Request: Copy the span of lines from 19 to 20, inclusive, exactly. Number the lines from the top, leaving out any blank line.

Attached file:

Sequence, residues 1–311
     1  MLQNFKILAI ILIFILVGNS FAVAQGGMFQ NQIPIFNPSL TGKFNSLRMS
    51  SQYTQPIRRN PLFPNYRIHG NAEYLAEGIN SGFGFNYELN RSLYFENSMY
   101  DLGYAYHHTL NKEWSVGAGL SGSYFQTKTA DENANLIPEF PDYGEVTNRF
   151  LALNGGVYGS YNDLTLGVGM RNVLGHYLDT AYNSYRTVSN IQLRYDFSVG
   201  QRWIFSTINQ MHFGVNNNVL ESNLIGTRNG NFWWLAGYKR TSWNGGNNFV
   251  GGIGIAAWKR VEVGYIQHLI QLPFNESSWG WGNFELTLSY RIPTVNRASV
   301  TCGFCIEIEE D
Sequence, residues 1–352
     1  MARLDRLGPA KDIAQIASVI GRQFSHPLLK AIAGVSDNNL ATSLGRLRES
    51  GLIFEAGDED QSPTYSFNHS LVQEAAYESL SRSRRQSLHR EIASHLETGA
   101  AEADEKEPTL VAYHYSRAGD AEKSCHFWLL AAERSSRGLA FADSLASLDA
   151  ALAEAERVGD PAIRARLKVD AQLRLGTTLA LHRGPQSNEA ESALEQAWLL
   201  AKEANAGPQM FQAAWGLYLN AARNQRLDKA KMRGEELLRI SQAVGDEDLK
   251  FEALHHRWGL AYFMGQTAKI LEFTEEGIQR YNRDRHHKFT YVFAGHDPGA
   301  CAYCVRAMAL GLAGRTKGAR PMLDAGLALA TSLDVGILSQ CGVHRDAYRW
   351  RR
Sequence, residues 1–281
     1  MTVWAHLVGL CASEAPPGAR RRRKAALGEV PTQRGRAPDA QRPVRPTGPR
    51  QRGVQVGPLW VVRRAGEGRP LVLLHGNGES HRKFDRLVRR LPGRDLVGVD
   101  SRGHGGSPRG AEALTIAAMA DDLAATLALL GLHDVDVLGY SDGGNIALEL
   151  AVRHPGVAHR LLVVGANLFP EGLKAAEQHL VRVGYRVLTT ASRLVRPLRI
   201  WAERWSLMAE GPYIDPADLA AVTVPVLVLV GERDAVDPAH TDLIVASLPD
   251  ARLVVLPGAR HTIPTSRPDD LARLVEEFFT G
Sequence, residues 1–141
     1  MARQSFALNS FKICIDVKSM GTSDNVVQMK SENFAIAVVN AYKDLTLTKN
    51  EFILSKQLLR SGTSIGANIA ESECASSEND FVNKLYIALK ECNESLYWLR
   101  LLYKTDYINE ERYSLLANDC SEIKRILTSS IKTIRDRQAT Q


     1  MTVWAHLVGL CASEAPPGAR RRRKAALGEV PTQRGRAPDA QRPVRPTGPR
    51  QRGVQVGPLW VVRRAGEGRP LVLLHGNGES HRKFDRLVRR LPGRDLVGVD